Film Room: Can Melvin Ingram Cover?

Exiting the 2021 NFL Draft, the Pittsburgh Steelers defense still had two glaring holes on their depth chart, a capable third safety, which seemingly has yet to be filled, and a capable third outside linebacker to join Alex Highsmith and TJ Watt in the rotation at roughly 15 snaps per game. Earlier today, it was announced that Melvin Ingram, a versatile edge rusher who was named to the Pro Bowl in three straight seasons before struggling with injuries in 2020, was signing with the team on a one year deal.

While it’s easy to get excited about the versatility Ingram adds as a push rusher, given his ability to rush both off the edge as well as aligning over the guards on the interior, I’ve decided to look specifically in his ability to affect the pass game outside of traditional quarterback hits, hurries, and sacks. After combing through Ingram’s 2018-20 tape, I was unable to find many clips of him working in space as a traditional coverage player, but regardless, I found myself extremely impressed with his football IQ, particularly when defending quick games.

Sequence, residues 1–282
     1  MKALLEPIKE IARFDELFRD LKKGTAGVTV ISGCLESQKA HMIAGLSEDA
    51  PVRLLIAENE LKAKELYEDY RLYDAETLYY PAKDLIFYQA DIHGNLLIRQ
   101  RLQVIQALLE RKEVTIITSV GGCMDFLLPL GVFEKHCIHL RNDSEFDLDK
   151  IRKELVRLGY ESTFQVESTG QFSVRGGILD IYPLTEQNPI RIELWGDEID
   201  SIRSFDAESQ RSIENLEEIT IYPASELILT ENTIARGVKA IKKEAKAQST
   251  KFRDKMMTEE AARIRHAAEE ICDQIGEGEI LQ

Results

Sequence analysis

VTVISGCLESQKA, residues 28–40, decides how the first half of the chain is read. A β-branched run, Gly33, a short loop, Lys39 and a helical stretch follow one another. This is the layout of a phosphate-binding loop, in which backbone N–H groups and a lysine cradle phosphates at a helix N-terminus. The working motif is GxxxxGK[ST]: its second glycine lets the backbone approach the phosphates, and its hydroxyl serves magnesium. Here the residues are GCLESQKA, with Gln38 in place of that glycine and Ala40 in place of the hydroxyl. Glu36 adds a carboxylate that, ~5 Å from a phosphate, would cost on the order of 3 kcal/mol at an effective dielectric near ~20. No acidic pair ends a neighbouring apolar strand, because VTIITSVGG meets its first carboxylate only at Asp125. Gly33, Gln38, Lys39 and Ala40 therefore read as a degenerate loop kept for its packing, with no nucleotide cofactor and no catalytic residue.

Over the past three seasons, Ingram recorded 10 passes defended and three interceptions, only one of which came with him playing as an off ball coverage player. Today, we’ll be focusing on Ingram’s ability to shut down opponents’ quick game by occupying passing lanes, as well as his feel while defending screen game, before finishing with a look into his coverage work as an off ball linebacker in goal line. Although Ingram will likely fit somewhere into the 15-25 snaps per game range, I came away confident that he will be able to fit in nicely with a Pittsburgh defense that emphasizes turning tipped passes into takeaways.

Melvin Ingram Affecting Quick Game Passing Lanes

Much like his new teammate TJ Watt, Ingram has always had a great sense of anticipating quick game, and getting his hands up in throwing lanes when he won’t have time to get home.  Early this past season against Pat Mahomes and the Kansas City Chiefs, Ingram notices Clyde Edwards-Helaire slip out of the backfield on a swing route during his get off, taking a wider path to stay clean of Eric Fisher’s block, and elevating with two hands to bat the pass down at the line of scrimmage.

Note Ingram’s eyes, always on a swivel off the snap, allowing him to diagnose quick game and adjust his pass rush plan instantaneously to occupy Mahomes intended passing lane, disrupting what should be a rhythm throw and easy completion.